The following article was published by CTIF The International Association of Fire and Rescue Services on the 26th of February 2019.
This article reinforces the need for flame retardant chemicals. In the UK sofas have been treated with flame retardant chemicals for many years and as a consequence the number and severity of fires is significantly lower than in most other countries.
The number of fire deaths per inhabitants decreased by more than 50% in Great Britain between 1992 and 2012. Figures from The UK department of communities and local government show that in 2013-2014 domestic fire deaths were at their lowest level for fifty years. This is clearly not the case worldwide as the article below clearly illustrates.
200 Times More Smoke And 8 Times Faster Burning Rate Than 50 Years Ago
In an article this week, Canadian and American fire services are interviewed about how fast modern construction materials, furniture and homes are burning compared to only 50 years ago - what it means to residents, and to offensive, interior firefighters.
The article references firefighters claiming that today's homes, furnished with modern technology and oil-based products, burn faster and present dangers never seen before.
"Typically, 50 years ago, if a wool or cotton sofa was on fire you didn't see the wool or cotton sofa drip," Windsor Fire and Rescue chief training officer Paul Acton said. "So, what you now see is the synthetic material dripping. It's the oils; that's what all of the studies are finding leads to rapid fire spread and rapid pyrolysis and rapid combustion."
Kingsville Fire Chief Bob Kissner has been fighting fires for 33 years and now teaches courses on fighting fires in the modern home.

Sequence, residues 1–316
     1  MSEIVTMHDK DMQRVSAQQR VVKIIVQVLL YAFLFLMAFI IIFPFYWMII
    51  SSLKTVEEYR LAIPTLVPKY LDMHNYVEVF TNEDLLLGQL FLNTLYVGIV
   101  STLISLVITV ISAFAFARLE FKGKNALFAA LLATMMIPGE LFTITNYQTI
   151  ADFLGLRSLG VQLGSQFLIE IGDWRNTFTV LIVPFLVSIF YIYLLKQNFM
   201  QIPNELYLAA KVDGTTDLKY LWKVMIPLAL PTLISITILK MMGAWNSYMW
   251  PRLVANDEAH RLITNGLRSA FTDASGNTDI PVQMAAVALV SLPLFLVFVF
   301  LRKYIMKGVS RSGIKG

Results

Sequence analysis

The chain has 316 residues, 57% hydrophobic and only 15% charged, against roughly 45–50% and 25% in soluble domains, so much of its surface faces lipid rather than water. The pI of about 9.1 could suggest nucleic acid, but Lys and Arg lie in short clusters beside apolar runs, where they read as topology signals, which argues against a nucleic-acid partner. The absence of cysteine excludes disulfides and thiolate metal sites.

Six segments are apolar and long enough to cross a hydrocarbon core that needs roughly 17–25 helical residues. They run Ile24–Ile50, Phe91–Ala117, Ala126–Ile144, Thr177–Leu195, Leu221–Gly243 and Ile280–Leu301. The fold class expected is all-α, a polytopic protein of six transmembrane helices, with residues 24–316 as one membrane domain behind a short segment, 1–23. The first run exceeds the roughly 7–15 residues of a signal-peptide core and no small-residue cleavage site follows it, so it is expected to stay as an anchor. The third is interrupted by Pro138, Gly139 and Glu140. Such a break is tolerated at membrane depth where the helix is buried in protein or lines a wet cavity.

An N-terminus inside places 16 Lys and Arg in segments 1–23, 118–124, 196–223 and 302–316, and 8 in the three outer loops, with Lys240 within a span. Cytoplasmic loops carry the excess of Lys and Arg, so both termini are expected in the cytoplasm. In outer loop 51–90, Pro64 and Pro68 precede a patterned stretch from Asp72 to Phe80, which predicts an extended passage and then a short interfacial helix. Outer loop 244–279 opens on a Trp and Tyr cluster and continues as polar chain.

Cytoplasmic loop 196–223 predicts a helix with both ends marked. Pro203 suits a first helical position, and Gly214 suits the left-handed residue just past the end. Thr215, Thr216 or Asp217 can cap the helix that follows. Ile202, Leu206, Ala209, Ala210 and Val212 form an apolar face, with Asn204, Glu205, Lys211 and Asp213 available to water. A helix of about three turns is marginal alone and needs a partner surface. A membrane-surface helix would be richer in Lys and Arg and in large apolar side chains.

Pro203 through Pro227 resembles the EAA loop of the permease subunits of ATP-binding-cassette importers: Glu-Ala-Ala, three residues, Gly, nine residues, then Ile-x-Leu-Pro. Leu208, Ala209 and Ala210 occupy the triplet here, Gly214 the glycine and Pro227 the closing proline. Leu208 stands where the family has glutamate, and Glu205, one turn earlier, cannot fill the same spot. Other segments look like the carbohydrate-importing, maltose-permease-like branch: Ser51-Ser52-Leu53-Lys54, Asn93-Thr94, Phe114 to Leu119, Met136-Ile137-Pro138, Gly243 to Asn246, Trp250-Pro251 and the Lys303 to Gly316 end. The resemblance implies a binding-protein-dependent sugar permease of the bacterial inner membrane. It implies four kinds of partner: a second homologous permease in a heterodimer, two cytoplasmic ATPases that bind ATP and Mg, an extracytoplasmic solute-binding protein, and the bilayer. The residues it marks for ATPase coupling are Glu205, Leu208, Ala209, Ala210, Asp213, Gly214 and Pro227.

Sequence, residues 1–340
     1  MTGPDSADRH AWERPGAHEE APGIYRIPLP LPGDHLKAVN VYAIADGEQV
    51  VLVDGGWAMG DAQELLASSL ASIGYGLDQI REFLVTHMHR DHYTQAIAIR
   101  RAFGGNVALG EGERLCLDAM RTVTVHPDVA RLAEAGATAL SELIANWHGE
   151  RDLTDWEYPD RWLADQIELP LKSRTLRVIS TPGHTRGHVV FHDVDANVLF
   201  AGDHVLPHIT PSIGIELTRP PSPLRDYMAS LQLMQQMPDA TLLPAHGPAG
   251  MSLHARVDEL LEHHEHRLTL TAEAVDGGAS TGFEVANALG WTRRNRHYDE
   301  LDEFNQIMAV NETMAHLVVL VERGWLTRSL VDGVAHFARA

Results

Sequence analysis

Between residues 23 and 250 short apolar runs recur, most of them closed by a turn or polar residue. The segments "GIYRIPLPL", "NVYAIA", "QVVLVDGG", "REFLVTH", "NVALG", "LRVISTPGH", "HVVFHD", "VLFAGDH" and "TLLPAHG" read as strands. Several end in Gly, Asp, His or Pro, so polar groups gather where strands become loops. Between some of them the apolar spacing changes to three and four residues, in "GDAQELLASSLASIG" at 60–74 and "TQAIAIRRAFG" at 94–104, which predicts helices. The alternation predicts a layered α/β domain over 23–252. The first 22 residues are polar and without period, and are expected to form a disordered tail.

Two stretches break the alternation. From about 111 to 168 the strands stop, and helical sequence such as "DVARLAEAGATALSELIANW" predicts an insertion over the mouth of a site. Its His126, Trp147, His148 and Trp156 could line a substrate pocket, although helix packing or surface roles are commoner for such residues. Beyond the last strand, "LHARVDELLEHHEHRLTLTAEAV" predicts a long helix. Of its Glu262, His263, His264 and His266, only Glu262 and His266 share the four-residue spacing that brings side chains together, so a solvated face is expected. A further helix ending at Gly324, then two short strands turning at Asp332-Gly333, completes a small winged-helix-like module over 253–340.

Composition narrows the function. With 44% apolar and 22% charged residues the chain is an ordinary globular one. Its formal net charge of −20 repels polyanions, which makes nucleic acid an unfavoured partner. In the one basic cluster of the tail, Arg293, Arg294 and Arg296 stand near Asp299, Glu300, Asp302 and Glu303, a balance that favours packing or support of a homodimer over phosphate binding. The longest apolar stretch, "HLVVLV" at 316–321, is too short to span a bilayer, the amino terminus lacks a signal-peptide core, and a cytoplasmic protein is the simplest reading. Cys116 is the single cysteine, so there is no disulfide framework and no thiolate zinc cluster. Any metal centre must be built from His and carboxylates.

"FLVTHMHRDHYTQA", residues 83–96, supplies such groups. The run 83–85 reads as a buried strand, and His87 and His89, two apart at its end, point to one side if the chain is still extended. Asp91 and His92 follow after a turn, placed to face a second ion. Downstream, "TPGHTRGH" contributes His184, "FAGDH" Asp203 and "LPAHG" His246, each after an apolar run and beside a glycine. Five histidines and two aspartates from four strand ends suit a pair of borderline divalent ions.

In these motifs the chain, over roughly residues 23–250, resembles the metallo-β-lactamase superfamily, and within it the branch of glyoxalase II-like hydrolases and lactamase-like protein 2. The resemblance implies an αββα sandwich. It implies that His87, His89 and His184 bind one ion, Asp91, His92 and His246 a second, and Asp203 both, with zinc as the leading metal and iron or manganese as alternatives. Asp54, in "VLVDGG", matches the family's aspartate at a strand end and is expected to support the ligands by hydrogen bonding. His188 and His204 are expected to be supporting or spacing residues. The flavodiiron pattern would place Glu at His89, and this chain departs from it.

200 Times More Toxic Smoke
Kissner said today's house fires burn eight times faster and produce 200 times the amount of smoke that a fire would have 50 years ago.
Chris Williams, Ontario's Assistant Deputy Fire Marshal, said even 30 years ago, a person had up to an estimated eight minutes to exit their home from the time their smoke detector went off. Today, a person has less than two minutes.
"And there's not a fire department in the world that can respond to your home and rescue you in that time," Williams said.
A classic test by CTIF Associate Member UL (Underwriter Laboratories), a not-for-profit product safety testing and certification organisation, found that an average-sized room furnished with modern products is fully engulfed in flames in three minutes. The same room furnished with items 50 years of age took 30 minutes to do the same.
Williams said many response benchmarks established by fire departments 30 or more years ago were based on the time it took a room to reach "full involvement" or "flashover," terms that describe a room fully engulfed in flames.
Kissner said tactics on scene have changed, too.
"Previously, it was a green light to do what we call an offensive attack. We were going to go in the building and we're going to go to the seed of the fire and put it out," Kissner said. "I believe we're on a change mode. Now, we're going to have to start thinking of going to the fire and saying, 'we're not going in until we assess all the factors and determine that it's safe to do so.'"
It used to take as long as 30 minutes for flames to engulf a room. Today, firefighters say it takes three. (Tecumseh Fire and Rescue)
Individual items throughout the home combust more quickly, allowing flames and smoke to engulf rooms at a faster rate.
That's why, Williams said, '"you have to react immediately to that smoke alarm."
"You have enough time to make sure you're heading to the door as quickly as possible," Williams said.
Williams said not only the heat can incapacitate a person, but so can the poisonous smoke and gas that's created.
The plastic and glue create carbon monoxide and cyanide.
"Both of these are very lethal," Williams said.
"We are a consumer-oriented society," Kissner said. "We like stuff and unfortunately for us, the stuff we're putting into our houses today burns much more fiercely and produces volumes of greater amounts of smoke."
Image source: Unsplash